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Safeguarding Nonpublic Financial Information : B-090

Policy/Guideline Area

Business and Finance Guidelines

Applicable Divisions

TCATs, Community Colleges, System Office


This guideline explains the procedure by which Tennessee Board of Regents institutions must develop a comprehensive written Information Security Program (the “Program”) as mandated by the Gramm-Leach-Bliley Act (“GLBA”) Standards for Safeguarding Customer Information Rule. An institution’s Program must include the components described below pursuant to which the institution intends to:

1. Protect the security and confidentiality of customers’ nonpublic financial information;

2. Protect against any anticipated threats or hazards to the security or integrity of such information; and

3. Protect against unauthorized access or use of such records or information in ways that could result in substantial harm or inconvenience to customers.

The Program may consist of existing institutional policies and procedures that are incorporated by reference into the Program, including but not limited to policies such as computer/electronic records confidentiality policies, Family Educational Rights & Privacy Act policies, employee/personnel records confidentiality policies, etc.


  • Customer - person who has a continuing relationship with the institution for provision of financial services, such as financial aid.
  • Customer Information - any record containing nonpublic personal financial information about a Customer.  
  • Non-public financial information – any record not publicly available that an institution obtains about a customer in the process of offering a financial product or service, as well as such information provided to the institution by another source. Nonpublic financial information includes information that a person submits to apply for financial aid (e.g., tax returns and other financial information), that an institution collects from third parties relating to financial aid (e.g., FAFSA information), and that an institution creates based on customer information in its possession.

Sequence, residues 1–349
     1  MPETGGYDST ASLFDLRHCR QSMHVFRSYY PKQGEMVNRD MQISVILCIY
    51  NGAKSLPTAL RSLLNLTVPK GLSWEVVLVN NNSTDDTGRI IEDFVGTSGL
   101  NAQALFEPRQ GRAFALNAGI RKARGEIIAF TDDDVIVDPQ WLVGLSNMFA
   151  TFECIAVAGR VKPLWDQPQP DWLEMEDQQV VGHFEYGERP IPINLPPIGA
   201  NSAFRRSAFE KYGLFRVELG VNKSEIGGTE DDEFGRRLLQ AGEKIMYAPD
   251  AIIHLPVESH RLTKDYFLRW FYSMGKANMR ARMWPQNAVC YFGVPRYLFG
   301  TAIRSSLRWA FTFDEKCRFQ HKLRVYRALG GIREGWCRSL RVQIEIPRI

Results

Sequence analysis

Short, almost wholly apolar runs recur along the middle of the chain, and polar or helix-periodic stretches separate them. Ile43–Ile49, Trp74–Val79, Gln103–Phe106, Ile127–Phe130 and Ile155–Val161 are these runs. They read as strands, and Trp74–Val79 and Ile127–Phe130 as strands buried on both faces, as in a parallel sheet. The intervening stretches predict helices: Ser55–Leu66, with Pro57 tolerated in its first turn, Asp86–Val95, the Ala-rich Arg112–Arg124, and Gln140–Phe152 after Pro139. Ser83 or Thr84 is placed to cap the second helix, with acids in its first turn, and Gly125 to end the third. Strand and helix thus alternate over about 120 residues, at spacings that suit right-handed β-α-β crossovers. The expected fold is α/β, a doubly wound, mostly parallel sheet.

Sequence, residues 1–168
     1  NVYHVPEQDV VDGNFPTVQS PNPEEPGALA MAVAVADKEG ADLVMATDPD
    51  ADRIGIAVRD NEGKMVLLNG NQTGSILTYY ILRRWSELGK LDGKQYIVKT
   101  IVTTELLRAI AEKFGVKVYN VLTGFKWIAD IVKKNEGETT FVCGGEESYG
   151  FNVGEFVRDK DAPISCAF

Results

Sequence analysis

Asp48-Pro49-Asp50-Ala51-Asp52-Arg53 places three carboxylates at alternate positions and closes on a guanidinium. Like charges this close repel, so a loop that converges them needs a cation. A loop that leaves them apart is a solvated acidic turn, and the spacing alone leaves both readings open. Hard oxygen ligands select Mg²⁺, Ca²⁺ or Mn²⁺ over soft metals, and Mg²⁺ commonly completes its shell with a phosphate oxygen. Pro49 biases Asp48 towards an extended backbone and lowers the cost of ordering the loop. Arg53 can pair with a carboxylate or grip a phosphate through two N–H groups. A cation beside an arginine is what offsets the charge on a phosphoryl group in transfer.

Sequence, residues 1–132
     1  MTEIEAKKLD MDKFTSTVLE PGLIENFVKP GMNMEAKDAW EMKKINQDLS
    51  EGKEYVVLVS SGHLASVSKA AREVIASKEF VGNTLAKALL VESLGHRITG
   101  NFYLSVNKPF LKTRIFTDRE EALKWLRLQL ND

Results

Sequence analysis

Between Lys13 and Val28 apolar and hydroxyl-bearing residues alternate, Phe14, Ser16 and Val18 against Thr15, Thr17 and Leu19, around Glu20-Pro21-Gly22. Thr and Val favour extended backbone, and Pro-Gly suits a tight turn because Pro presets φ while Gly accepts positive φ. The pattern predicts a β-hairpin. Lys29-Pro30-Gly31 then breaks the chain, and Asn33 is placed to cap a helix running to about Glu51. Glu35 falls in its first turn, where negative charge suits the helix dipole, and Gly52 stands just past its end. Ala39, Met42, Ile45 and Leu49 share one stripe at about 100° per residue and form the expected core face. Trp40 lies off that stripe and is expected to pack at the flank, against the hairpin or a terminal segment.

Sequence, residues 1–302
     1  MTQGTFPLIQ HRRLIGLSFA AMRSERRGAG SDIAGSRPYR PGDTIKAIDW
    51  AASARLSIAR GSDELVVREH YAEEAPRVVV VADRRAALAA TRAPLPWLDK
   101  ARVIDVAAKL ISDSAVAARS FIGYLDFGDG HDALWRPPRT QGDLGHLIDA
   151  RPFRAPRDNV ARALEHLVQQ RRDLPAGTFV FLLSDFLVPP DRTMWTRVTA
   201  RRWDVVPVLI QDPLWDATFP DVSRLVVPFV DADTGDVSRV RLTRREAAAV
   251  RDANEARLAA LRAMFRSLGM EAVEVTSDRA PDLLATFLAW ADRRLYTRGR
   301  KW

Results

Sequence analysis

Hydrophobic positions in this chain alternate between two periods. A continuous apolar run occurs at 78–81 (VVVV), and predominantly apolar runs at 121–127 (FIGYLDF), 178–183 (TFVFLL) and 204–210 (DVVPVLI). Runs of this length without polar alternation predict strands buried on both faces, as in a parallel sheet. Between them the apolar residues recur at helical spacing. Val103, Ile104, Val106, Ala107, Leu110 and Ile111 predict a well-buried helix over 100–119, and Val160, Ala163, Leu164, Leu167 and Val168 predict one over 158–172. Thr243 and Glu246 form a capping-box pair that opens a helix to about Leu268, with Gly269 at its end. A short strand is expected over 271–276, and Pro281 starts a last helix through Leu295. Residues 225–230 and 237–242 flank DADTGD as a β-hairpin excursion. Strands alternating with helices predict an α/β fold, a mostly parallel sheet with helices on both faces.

• Security event – an event resulting in unauthorized access to, or disruption or misuse of, an information system, information stored on such information system, or customer information held in physical form.


  1. Introduction
    1. TBR institutions are covered by GLBA because they offer and process financial aid applications, provide loans to students, and receive customer information from students and others in connection with those activities.
    2. Each institution must develop, implement, and maintain a written, comprehensive Information Security Program. The Program must contain administrative, technical, and physical safeguards appropriate to the institution’s size and complexity, the nature and scope of its activities, and the sensitivity of the customer information at issue.  The Program must apply to any paper or electronic record maintained by an institution that contains customer information about an individual or a third party who has a relationship with the institution.
    3. Because the TBR System Office handles significant customer information for Tennessee Colleges of Applied Technology through Shared Services, the System Office and the TCATs are considered a single institution for purposes of this policy. Customer information shall be kept confidential and safeguarded by the institution, its affiliates and service providers pursuant to the provisions of the Program and this Guideline.
  2. Requirements of an Information Security Program
    1. Program Coordinator
      1. Except for the TCATs, which will be served by the TBR System Office Program Coordinator, each institution must identify one qualified individual to serve as the Program Coordinator (“Coordinator”) who shall be responsible for overseeing and implementing the Program.  The Coordinator may obtain assistance from other sources, but ultimate responsibility for the Program remains with the Coordinator.